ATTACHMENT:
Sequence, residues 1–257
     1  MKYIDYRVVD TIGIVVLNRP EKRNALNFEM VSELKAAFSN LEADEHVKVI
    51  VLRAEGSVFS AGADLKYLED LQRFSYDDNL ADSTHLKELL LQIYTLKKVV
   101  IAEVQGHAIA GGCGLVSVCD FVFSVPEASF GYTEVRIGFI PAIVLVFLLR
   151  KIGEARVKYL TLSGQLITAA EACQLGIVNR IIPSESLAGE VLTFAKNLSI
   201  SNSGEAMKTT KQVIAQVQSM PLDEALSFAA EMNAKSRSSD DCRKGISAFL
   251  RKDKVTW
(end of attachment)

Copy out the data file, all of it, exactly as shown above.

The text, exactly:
Sequence, residues 1–257
     1  MKYIDYRVVD TIGIVVLNRP EKRNALNFEM VSELKAAFSN LEADEHVKVI
    51  VLRAEGSVFS AGADLKYLED LQRFSYDDNL ADSTHLKELL LQIYTLKKVV
   101  IAEVQGHAIA GGCGLVSVCD FVFSVPEASF GYTEVRIGFI PAIVLVFLLR
   151  KIGEARVKYL TLSGQLITAA EACQLGIVNR IIPSESLAGE VLTFAKNLSI
   201  SNSGEAMKTT KQVIAQVQSM PLDEALSFAA EMNAKSRSSD DCRKGISAFL
   251  RKDKVTW